Background Spending and quality under global budgets remain unknown beyond 2 years. We evaluated spending and quality measures during the first 4 years of the Blue Cross Blue Shield of Massachusetts Alternative Quality Contract (AQC). Methods We compared spending and quality among enrollees whose physician organizations entered the AQC from 2009 through 2012 with those among persons in control states. We studied spending changes according to year, category of service, site of care, experience managing risk contracts, and price versus utilization. We evaluated process and outcome quality. Results In the 2009 AQC cohort, medical spending on claims grew an average of $62.21 per enrollee per quarter less than it did in the control cohort over the 4-year period (P<0.001). This amount is equivalent to a 6.8% savings when calculated as a proportion of the average post-AQC spending level in the 2009 AQC cohort. Analogously, the 2010, 2011, and 2012 cohorts had average savings of 8.8% (P<0.001), 9.1% (P<0.001), and 5.8% (P=0.04), respectively, by the end of 2012. Claims savings were concentrated in the outpatient-facility setting and in procedures, imaging, and tests, explained by both reduced prices and reduced utilization. Claims savings were exceeded by incentive payments to providers during the period from 2009 through 2011 but exceeded incentive payments in 2012, generating net savings. Improvements in quality among AQC cohorts generally exceeded those seen elsewhere in New England and nationally. Conclusions As compared with similar populations in other states, Massachusetts AQC enrollees had lower spending growth and generally greater quality improvements after 4 years. Although other factors in Massachusetts may have contributed, particularly in the later part of the study period, global budget contracts with quality incentives may encourage changes in practice patterns that help reduce spending and improve quality. (Funded by the Commonwealth Fund and others.).
Amid local government budget cuts, there is concern that the ring-fenced public health grant is being appropriated, and Directors of Public Health (DsPH) find it difficult to make the case for investment in public health activity. This paper describes what DsPH are making the case for, the components of their case and how they present the case for public health.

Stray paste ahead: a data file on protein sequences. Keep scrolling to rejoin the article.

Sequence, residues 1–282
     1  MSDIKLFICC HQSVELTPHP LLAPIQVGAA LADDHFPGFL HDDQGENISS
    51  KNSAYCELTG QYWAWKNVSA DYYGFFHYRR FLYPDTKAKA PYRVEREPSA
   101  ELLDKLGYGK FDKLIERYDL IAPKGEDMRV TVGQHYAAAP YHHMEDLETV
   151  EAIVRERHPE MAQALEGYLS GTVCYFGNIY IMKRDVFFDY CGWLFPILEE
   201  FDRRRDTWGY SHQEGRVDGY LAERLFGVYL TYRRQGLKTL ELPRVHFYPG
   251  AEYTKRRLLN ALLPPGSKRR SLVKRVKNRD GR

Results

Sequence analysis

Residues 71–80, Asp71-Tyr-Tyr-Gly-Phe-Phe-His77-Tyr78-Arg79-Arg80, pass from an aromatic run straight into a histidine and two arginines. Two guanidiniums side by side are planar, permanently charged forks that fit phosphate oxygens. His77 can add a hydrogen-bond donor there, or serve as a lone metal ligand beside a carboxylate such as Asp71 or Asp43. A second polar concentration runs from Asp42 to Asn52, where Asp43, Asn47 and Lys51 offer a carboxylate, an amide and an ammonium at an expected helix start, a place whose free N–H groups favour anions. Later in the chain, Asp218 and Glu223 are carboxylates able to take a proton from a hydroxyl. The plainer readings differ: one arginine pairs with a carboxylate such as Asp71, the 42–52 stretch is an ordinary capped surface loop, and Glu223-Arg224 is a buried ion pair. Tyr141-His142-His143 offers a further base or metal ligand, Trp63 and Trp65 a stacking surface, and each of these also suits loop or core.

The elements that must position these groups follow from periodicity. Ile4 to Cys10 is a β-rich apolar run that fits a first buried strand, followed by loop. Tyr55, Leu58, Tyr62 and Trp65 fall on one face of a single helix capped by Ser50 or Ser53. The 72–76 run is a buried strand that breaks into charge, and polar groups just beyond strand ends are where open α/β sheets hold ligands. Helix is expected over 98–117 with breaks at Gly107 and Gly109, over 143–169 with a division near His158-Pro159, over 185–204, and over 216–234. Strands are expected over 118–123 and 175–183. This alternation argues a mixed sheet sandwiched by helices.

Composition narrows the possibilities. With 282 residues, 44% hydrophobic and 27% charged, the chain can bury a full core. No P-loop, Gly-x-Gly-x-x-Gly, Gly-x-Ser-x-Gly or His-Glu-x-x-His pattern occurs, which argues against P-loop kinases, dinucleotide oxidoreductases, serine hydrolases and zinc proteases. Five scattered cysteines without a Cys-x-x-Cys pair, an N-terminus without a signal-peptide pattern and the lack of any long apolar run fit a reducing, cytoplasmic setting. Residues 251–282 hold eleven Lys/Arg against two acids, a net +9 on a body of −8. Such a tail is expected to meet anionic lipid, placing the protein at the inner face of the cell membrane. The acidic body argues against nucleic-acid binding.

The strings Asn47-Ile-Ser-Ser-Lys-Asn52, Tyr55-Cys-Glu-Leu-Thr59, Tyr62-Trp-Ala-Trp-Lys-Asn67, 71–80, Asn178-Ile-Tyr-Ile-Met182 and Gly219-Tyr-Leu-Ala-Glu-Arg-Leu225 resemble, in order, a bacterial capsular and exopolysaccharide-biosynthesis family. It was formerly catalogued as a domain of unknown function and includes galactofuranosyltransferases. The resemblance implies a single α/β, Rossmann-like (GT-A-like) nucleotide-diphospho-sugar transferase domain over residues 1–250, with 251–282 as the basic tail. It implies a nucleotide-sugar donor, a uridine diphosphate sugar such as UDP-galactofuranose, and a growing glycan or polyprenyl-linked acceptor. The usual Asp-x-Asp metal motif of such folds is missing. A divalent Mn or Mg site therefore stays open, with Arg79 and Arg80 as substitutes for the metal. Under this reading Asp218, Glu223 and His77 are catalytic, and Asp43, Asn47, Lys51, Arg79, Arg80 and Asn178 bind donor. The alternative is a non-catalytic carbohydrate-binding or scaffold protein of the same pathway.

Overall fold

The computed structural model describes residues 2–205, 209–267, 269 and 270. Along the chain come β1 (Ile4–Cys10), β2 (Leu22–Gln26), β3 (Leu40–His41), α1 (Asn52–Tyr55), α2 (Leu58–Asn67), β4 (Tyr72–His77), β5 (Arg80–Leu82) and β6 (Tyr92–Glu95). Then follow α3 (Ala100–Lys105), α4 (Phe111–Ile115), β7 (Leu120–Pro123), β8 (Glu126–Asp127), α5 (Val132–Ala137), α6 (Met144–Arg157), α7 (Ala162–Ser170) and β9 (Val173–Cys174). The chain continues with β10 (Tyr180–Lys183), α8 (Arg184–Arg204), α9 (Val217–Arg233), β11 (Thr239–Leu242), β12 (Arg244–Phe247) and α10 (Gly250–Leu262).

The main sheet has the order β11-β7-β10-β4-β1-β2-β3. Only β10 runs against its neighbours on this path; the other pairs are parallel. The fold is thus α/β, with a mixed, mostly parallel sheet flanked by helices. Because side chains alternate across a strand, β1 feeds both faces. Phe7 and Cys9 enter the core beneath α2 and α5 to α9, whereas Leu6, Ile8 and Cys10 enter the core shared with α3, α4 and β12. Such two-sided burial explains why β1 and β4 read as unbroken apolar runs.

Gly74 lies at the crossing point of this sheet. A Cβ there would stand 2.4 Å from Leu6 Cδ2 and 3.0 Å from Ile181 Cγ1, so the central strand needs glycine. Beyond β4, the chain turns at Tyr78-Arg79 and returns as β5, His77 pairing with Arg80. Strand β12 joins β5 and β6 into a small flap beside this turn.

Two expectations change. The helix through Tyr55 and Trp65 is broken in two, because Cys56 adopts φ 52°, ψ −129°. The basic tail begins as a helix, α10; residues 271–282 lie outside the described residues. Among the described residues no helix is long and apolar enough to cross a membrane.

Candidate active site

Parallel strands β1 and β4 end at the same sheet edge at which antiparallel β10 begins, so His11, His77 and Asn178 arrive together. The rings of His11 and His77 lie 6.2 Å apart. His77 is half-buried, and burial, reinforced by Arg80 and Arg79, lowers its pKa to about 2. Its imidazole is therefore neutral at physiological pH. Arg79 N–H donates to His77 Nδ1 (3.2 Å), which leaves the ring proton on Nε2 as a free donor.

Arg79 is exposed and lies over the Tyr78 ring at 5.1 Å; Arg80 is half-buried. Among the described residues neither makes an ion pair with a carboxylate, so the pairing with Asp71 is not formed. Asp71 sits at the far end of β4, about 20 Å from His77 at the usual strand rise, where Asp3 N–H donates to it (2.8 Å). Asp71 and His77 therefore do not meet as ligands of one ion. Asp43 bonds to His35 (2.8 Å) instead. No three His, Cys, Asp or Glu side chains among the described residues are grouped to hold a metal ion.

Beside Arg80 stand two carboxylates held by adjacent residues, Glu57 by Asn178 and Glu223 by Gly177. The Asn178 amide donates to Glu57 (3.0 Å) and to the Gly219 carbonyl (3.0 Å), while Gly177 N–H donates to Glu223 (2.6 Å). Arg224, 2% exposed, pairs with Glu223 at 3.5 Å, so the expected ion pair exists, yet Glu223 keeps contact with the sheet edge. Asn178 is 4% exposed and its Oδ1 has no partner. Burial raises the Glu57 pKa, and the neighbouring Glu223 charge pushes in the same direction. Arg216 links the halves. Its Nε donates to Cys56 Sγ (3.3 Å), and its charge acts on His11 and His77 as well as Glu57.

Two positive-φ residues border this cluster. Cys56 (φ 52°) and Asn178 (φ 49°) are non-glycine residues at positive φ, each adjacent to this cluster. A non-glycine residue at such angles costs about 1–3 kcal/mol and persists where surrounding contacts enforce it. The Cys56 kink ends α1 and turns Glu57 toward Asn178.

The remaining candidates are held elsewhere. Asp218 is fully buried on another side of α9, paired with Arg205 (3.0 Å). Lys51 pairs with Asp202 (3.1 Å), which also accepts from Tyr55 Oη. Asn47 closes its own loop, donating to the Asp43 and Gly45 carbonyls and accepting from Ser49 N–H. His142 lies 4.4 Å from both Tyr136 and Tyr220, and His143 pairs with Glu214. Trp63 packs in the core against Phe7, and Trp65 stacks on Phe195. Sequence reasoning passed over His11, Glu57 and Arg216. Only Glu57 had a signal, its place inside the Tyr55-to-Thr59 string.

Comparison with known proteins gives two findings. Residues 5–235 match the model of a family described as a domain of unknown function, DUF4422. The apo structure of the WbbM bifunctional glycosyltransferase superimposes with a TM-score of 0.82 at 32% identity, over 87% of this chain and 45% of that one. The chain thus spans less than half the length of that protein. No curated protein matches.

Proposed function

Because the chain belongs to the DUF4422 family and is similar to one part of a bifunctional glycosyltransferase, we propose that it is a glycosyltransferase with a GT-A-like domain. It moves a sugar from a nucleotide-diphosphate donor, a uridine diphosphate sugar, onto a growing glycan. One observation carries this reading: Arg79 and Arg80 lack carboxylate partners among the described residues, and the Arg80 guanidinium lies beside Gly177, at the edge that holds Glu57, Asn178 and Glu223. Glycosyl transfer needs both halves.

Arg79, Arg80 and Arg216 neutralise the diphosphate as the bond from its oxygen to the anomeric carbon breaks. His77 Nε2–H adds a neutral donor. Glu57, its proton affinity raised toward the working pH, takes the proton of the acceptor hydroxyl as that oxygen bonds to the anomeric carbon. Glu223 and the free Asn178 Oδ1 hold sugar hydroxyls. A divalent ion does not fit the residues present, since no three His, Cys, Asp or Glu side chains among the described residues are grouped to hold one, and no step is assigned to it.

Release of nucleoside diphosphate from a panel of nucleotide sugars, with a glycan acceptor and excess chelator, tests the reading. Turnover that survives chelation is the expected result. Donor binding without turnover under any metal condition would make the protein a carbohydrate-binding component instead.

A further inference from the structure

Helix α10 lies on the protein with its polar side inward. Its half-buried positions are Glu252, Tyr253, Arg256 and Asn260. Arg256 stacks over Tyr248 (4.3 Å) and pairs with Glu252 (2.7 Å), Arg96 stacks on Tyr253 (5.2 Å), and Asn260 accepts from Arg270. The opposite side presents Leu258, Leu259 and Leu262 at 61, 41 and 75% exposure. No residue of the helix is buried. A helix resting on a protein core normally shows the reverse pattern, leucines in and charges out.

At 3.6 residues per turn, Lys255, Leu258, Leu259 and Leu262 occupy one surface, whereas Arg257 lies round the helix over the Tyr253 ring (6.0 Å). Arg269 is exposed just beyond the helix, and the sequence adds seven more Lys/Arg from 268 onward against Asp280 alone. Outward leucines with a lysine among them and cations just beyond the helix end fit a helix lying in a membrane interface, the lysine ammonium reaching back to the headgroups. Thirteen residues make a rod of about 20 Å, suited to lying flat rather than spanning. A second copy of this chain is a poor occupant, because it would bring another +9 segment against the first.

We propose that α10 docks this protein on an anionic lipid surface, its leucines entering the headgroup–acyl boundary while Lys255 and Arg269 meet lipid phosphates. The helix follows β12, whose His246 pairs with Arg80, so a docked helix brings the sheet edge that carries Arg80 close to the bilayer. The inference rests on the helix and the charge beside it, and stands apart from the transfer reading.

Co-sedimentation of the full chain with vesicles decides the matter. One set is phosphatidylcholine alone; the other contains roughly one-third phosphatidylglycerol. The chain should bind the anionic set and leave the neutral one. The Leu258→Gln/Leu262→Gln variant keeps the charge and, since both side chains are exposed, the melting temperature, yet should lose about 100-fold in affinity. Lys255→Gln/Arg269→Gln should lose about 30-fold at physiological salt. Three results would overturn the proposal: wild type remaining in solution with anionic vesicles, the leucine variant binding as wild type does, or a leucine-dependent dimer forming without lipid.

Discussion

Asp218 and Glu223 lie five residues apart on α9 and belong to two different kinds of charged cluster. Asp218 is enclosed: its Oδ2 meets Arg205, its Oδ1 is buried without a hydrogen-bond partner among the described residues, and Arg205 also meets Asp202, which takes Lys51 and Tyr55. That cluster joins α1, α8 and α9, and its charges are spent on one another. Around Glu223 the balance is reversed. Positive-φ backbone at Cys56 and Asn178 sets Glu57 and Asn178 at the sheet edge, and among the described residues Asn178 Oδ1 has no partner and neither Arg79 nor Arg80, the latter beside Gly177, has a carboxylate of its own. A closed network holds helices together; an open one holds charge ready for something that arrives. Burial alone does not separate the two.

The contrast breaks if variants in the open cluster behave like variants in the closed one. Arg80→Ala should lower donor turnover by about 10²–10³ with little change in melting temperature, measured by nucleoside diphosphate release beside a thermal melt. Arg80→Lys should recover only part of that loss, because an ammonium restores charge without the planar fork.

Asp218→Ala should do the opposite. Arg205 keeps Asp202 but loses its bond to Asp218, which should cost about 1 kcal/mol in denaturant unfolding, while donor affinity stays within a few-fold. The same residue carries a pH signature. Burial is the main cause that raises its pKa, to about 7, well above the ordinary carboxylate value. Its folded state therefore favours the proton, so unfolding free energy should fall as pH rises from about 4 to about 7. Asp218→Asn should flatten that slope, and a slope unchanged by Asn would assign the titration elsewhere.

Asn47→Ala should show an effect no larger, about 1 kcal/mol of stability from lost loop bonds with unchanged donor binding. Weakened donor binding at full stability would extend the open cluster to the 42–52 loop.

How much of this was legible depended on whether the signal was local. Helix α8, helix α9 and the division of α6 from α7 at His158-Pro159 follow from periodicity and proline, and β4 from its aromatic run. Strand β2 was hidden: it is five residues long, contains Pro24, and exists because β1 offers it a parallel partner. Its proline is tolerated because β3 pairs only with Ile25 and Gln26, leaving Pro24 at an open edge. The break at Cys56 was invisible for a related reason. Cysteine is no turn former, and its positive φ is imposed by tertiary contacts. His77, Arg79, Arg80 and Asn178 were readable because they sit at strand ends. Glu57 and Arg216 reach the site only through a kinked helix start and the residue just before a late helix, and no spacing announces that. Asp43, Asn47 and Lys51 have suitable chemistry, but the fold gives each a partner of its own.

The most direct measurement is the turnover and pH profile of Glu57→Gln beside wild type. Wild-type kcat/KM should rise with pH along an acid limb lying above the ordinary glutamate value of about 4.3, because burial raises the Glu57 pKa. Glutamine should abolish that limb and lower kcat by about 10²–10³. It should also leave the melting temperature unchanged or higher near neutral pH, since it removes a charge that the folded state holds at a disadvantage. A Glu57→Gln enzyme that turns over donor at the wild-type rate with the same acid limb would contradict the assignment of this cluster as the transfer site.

Launched in 2003, the US President’s Emergency Plan for AIDS Relief (PEPFAR) is the largest disease-focused assistance program in the world. We analyzed PEPFAR budgets for governance and systems for the period 2004-14 to ascertain whether PEPFAR’s stated emphasis on strengthening health systems has been manifested financially. The main outcome variable in our analysis, the first of its kind using these data, was the share of PEPFAR’s total annual budget for a country that was designated for governance and systems. The share of planned PEPFAR funding for governance and systems increased from 14.9 percent, on average, in 2004 to 27.5 percent in 2013, but it declined in 2014 to 20.8 percent. This study shows that the size of a country’s PEPFAR budget was negatively associated with the share allocated for governance and systems (compared with other budget program areas); it also shows that there was no significant relationship between budgets for governance and systems and HIV prevalence. It is crucial for the global health policy community to better understand how such investments are allocated and used for health systems strengthening.
- International journal of environmental research and public health
- Published 10 months ago
Despite the success of recent efforts to increase access to improved water, sanitation, and hygiene (WASH) globally, approximately one-third of schools around the world still lack adequate WASH services. A lack of WASH in schools can lead to the spread of preventable disease and increase school absences, especially among women. Inadequate financing and budgeting has been named as a key barrier for integrating successful and sustainable WASH programs into school settings. For this reason, the purpose of this review is to describe the current knowledge around the costs of WASH components as well as financing models that could be applied to WASH in schools. Results show a lack of information around WASH costing, particularly around software elements as well as a lack of data overall for WASH in school settings as compared to community WASH. This review also identifies several key considerations when designing WASH budgets or selecting financing mechanisms. Findings may be used to advise future WASH in school programs.
- Journal of public health management and practice : JPHMP
- Published over 4 years ago